Posted: 2:09 am EDT
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Jonathan Haslam is the author of “Near and Distant Neighbors: A New History of Soviet Intelligence,” which was just published.He is the George F. Kennan Professor at the Institute for Advanced Study, Princeton. He was a visiting professor at Harvard, Yale and Stanford, and is a member of the society of scholars at the Johns Hopkins University. He pens the following piece via Salon:
— Levantine (@levantine18) September 26, 2015
Other indicators of a more trivial nature could be detected in the field by a vigilant foreign counterintelligence operative but not uniformly so: the fact that CIA officers replacing one another tended to take on the same post within the embassy hierarchy, drive the same make of vehicle, rent the same apartment and so on. Why? Because the personnel office in Langley shuffled and dealt overseas postings with as little effort as required. The invariable indicators took further research, however, based on U.S. government practices long established as a result of the ambivalence with which the State Department treated its cousins in intelligence.
Thus one productive line of inquiry quickly yielded evidence: the differences in the way agency officers undercover as diplomats were treated from genuine foreign service officers (FSOs). The pay scale at entry was much higher for a CIA officer; after three to four years abroad a genuine FSO could return home, whereas an agency employee could not; real FSOs had to be recruited between the ages of 21 and 31, whereas this did not apply to an agency officer; only real FSOs had to attend the Institute of Foreign Service for three months before entering the service; naturalized Americans could not become FSOs for at least nine years but they could become agency employees; when agency officers returned home, they did not normally appear in State Department listings; should they appear they were classified as research and planning, research and intelligence, consular or chancery for security affairs; unlike FSOs, agency officers could change their place of work for no apparent reason; their published biographies contained obvious gaps; agency officers could be relocated within the country to which they were posted, FSOs were not; agency officers usually had more than one working foreign language; their cover was usually as a “political” or “consular” official (often vice-consul); internal embassy reorganizations usually left agency personnel untouched, whether their rank, their office space or their telephones; their offices were located in restricted zones within the embassy; they would appear on the streets during the working day using public telephone boxes; they would arrange meetings for the evening, out of town, usually around 7.30 p.m. or 8.00 p.m.; and whereas FSOs had to observe strict rules about attending dinner, agency officers could come and go as they pleased.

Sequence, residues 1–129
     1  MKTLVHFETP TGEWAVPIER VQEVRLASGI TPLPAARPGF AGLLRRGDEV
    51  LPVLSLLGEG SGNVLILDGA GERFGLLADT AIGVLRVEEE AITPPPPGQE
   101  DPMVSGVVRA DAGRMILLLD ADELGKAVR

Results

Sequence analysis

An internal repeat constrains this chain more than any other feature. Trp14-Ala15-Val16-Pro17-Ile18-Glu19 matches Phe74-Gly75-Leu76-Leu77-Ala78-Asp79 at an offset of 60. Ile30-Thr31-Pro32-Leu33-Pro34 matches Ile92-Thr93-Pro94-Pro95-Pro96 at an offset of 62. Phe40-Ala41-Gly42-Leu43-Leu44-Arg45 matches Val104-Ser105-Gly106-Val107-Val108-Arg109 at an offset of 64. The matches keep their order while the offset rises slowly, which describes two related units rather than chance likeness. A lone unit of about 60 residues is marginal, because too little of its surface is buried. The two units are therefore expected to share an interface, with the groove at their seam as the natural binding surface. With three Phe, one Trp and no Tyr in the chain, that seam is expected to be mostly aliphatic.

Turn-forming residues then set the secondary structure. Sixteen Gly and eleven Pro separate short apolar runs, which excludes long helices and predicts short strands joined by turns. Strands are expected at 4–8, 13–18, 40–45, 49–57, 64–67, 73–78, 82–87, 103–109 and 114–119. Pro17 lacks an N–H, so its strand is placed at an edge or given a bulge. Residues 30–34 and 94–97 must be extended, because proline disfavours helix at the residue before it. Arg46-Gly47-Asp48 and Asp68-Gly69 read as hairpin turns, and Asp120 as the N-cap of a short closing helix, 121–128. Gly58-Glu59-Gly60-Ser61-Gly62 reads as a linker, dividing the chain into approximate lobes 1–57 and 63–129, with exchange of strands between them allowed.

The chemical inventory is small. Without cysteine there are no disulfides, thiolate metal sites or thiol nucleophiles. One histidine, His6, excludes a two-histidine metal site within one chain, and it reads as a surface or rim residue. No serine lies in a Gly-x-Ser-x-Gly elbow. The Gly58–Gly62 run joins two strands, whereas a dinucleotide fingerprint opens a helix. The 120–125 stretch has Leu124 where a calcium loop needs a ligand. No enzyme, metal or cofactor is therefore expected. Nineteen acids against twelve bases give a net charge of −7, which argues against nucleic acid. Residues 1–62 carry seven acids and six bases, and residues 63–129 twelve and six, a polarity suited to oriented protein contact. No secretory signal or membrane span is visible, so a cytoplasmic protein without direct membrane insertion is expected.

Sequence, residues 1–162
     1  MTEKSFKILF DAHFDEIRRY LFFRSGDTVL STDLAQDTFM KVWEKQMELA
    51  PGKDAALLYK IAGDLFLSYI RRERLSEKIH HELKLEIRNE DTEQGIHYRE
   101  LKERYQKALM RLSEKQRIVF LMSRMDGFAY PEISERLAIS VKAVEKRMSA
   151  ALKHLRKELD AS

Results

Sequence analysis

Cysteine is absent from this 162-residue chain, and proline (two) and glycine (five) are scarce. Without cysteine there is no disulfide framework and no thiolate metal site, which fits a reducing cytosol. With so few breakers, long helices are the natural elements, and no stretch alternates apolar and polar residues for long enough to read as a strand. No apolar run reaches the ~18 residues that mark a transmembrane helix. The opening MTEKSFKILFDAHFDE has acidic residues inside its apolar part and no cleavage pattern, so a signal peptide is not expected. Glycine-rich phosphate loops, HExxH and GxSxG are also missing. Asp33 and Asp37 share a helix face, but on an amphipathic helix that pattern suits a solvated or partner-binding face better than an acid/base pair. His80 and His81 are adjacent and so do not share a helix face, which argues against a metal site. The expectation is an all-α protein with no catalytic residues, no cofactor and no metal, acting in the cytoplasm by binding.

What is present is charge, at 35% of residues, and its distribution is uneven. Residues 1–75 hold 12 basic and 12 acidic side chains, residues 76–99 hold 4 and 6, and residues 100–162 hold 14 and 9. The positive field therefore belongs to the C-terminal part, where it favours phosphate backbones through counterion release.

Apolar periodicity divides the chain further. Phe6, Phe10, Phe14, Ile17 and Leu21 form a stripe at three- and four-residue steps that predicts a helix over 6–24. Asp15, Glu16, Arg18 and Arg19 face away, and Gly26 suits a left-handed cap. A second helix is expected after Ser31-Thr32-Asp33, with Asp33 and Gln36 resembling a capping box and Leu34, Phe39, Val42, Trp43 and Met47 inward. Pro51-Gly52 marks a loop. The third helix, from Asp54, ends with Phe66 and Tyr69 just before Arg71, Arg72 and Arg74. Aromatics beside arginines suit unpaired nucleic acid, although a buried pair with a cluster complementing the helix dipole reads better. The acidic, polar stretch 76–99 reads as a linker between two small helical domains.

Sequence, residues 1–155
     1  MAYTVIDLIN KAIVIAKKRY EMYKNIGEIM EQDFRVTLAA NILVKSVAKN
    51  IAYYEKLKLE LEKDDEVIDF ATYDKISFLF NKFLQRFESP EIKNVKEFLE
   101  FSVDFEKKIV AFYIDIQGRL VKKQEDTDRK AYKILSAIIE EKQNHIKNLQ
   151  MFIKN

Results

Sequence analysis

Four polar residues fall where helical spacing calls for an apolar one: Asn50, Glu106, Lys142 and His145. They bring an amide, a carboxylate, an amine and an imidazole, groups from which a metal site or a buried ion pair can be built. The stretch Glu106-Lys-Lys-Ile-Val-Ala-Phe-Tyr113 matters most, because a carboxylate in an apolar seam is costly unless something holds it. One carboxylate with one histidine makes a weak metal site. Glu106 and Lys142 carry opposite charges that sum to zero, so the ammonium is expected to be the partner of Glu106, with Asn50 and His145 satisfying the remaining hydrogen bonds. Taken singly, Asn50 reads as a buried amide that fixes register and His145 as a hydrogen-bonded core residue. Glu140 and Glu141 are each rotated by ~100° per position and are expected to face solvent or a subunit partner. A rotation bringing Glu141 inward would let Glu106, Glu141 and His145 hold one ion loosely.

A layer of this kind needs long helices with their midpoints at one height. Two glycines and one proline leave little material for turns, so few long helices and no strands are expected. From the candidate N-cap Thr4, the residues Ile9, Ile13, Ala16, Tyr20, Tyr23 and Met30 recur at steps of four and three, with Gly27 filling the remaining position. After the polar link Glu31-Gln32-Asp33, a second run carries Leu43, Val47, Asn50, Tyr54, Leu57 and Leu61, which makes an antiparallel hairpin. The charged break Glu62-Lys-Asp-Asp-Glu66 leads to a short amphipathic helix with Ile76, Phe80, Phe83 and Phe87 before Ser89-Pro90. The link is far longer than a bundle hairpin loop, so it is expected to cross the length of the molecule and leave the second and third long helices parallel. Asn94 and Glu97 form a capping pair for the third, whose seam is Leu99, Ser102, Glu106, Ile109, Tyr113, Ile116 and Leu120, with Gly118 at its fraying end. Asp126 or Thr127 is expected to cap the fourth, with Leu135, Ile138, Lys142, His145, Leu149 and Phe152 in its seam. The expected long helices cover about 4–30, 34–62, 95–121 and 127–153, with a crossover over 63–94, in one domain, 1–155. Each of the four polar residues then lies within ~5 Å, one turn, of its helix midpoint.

Read in full here. Sounds like his book is an excellent addition to a gift list for OGA friends.